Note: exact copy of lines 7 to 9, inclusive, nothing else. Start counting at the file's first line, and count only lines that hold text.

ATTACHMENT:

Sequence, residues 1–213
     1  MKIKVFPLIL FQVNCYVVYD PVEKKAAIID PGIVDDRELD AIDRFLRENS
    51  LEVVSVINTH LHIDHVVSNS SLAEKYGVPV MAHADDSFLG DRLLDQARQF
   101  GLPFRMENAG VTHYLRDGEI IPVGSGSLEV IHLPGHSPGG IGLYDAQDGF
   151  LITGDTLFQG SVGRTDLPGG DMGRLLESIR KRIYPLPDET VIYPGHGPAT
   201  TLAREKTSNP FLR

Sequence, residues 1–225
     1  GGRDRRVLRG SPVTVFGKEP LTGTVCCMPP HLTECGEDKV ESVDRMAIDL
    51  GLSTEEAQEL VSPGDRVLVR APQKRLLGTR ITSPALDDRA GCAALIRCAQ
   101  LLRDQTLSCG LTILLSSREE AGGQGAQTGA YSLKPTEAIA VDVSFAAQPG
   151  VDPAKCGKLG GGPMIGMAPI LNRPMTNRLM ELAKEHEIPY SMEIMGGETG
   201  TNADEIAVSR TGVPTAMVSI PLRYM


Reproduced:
Sequence, residues 1–225
     1  GGRDRRVLRG SPVTVFGKEP LTGTVCCMPP HLTECGEDKV ESVDRMAIDL
    51  GLSTEEAQEL VSPGDRVLVR APQKRLLGTR ITSPALDDRA GCAALIRCAQ